The Sayacas will have a small parade today and tomorrow, Sunday and Monday, before Mardi Gras Tuesday, around 10-11 am in Ajijic
The Sayacas appear every Carnival in Ajijic, they are masked characters dressed as women (somewhat exaggerated in their attributes). They appear in Ajijic during the six days of parades that take place on the Sundays before Carnival.
The Zayacas come armed with a bag full of flour, which they throw at the children and people watching the parade. They put on masks and dress in women’s clothes, which they fill with balloons, forming their exaggerated curves.
When the Sayacos appear in the street accompanied by the music band, it is the call to fun, it is the moment in which the children run so as not to be floured, and although it seems that they flee to everything that their legs give them, they are caught and filled with flour.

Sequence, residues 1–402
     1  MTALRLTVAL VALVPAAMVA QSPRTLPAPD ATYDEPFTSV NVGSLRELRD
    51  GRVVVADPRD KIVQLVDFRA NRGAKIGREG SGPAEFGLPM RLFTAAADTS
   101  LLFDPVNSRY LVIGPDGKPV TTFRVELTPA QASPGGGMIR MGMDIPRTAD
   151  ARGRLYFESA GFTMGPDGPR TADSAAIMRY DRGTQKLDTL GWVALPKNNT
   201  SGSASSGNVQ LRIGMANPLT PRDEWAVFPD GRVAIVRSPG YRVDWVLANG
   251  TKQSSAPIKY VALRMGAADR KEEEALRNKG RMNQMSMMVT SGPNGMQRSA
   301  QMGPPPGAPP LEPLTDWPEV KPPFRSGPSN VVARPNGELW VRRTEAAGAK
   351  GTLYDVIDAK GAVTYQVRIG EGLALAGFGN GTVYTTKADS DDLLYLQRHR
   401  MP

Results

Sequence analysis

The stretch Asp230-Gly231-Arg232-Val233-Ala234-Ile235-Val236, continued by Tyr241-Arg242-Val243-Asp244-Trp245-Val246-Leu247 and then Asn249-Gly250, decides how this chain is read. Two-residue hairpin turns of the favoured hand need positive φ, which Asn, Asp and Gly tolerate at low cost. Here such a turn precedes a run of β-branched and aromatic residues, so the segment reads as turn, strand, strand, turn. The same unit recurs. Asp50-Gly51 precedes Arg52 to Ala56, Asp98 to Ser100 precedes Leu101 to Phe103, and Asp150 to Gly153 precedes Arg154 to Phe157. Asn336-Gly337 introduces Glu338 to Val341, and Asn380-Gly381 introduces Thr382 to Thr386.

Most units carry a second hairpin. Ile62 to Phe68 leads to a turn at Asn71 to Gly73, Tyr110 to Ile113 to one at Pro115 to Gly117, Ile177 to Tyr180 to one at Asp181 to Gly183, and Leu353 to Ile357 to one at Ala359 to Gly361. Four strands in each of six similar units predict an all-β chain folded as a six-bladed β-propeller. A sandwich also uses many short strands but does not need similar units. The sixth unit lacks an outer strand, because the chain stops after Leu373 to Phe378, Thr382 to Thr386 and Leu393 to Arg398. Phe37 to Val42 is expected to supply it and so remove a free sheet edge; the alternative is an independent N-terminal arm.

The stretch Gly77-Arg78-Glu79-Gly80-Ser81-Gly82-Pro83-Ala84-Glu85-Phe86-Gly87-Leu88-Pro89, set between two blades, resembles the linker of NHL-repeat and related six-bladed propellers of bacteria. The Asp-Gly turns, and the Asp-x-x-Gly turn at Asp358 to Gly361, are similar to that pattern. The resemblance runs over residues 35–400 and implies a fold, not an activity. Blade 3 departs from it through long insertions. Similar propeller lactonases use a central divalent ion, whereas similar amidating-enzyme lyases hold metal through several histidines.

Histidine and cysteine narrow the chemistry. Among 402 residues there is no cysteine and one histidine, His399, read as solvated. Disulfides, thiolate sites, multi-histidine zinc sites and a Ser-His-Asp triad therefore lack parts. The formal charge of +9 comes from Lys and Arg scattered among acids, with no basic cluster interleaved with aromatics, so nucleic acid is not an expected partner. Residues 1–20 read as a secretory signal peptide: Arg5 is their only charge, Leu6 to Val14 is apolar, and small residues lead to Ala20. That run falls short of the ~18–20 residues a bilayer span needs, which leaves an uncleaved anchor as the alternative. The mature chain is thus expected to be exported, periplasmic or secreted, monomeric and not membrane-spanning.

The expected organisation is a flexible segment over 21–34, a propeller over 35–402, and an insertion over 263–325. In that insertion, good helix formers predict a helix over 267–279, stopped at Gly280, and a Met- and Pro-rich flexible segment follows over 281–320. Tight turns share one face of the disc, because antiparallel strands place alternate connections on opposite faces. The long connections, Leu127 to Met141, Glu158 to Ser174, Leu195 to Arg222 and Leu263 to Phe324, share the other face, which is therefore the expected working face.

This tradition as it is celebrated is believed to have been born several decades ago, some say in the 60s, some Sayacos say in the 40s and also its origins go back to a pre-Hispanic legend that was told from generation to generation. The best thing is that the peculiar tradition of the Sayaca persists and since then it has been a tradition that continues to attract more people to dress up and be part of the parade and the fun.
In the beginning, only young people and children participated, but this has changed over time. Now both adults, women, and girls participate, especially on Carnival day, making the fun spread to the whole town.
The day of El Carnaval arrives in Ajijic and becomes one of the most boisterous parties in the region, which includes a great parade full of allegorical floats and Sayacas.